[I believe I read this 1915 edition, translated by R. E. C. Long, courtesy of Google books.]
Anton Chekhov was a 19th century Russian author well known for his short stories. The Kiss and Other Stories contains fourteen of these, each like a vignette of a scene from Russian country and city life. “The Kiss” is about soldier whose life is changed – or so he thinks – by an accidental kiss with a complete stranger; “Verotchka” is a story of unrequited love; and “The Runaway” is about a boy’s trip to the local hospital. “The Muzhiks” is the longest story, detailing poverty and life in a Russian peasant village.
There is a lot to be learned from these stories, even if you have already studied Russian history. Most of the stories were somber, either depressing and/or very thought-provoking. It made me think how it is easy to do the right thing when your needs are met, but if your life is a continuous desperate attempt at survival, your entire worldview and moral standards are easily affected. You can read about some of these characters and feel you’d never act the way they do, but the fact is, few of us could even imagine what it is to be born into those kinds of circumstances, let alone what we would be like if we were.
4 out of 5 stars.
The Remains of the Day
4 out of 5 stars
This award-winning novel is about an English butler, Mr. Stevens, who takes a road trip in the English countryside. Though he attempts to keep a travelogue, he ends up reminiscing about his father, his friendship with housekeeper Miss Kenton, and his former employer’s role in the Inter-War/WWII era.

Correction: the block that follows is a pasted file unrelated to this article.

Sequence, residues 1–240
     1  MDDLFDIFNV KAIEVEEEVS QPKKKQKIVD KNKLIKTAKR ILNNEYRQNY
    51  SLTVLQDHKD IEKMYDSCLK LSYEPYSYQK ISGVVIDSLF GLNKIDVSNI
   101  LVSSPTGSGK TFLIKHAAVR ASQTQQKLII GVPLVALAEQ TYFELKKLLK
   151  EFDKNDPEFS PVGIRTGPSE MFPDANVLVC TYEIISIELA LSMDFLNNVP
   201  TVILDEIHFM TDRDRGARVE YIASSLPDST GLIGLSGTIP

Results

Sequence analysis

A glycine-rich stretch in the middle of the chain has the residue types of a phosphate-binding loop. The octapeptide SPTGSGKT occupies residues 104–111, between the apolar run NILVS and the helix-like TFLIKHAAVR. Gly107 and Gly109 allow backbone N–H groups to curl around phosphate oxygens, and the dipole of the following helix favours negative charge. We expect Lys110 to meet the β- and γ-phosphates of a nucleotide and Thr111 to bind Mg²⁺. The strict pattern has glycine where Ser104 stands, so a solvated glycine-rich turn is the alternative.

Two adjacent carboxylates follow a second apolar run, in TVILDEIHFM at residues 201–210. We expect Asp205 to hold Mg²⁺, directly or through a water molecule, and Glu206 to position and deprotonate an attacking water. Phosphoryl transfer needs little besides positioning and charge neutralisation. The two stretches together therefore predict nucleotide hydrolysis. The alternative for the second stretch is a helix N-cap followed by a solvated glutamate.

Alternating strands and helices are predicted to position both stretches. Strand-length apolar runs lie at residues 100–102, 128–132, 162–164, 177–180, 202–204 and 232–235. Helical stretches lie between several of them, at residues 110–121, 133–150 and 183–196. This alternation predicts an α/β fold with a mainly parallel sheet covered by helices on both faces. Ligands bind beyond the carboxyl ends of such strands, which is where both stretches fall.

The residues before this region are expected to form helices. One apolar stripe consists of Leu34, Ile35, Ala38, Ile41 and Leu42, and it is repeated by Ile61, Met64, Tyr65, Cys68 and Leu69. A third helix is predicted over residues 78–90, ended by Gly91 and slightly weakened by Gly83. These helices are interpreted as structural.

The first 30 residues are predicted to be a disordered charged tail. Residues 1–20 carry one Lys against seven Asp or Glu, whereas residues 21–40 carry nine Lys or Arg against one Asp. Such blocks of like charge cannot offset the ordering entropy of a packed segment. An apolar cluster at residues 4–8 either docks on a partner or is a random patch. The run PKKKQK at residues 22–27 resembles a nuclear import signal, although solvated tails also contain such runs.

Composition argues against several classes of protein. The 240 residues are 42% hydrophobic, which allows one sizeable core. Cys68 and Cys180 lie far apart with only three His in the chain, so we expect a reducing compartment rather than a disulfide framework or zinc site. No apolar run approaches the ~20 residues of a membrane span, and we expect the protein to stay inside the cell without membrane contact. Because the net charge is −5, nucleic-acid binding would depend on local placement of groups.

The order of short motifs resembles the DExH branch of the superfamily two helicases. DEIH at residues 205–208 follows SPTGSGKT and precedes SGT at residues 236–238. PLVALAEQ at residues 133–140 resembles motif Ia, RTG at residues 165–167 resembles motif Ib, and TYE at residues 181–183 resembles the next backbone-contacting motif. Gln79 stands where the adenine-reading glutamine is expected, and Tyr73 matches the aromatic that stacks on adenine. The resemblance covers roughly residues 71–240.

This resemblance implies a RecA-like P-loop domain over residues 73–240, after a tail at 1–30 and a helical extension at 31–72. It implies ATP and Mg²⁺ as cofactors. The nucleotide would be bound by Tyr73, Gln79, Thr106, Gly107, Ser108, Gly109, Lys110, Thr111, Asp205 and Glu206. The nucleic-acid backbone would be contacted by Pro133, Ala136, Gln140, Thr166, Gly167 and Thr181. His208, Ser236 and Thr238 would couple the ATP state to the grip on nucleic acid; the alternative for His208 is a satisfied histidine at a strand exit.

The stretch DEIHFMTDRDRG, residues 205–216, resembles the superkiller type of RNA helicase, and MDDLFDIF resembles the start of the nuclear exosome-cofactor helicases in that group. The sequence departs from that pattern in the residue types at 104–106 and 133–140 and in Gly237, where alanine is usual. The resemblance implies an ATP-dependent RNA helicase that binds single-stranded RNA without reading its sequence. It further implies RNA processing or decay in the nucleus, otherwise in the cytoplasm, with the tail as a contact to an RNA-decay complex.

The book is pretty good, but I enjoyed the Anthony Hopkins film more. His portrayal of Mr. Stevens is really moving, whereas book!Stevens is harder to like or understand.
The Legend of Sleepy Hollow
5 out of 5 stars
I knew the story already (from the Disney animated film), but it was a delight to read the original! Ichabod is a rather egotistical, materialistic guy in the book, so one hardly feels sorry for him.
A Passage to India
E. M. Forster
2 out of 5 stars
This book was really well-written, with some interesting depictions of the British Raj, but that’s about it. I didn’t like the characters much, including but not limited to Mrs. Moore
. (By comparison, Conrad’s Heart of Darkness
was a lot deeper and more vague, yet somehow easier to understand.) I’m not exactly sure what was the point of A Passage to India
, although as an illustration it is ok.
Kafka’s Selected Shorter Writings
from ManyBooks.net 5 out of 5 stars
This is a nice read for Kafka fans or readers who just want to sample his work. The stories are very short (in fact, I believe the Gatekeeper story is an excerpt from The Trial). Recommended if you have a half-hour to spare!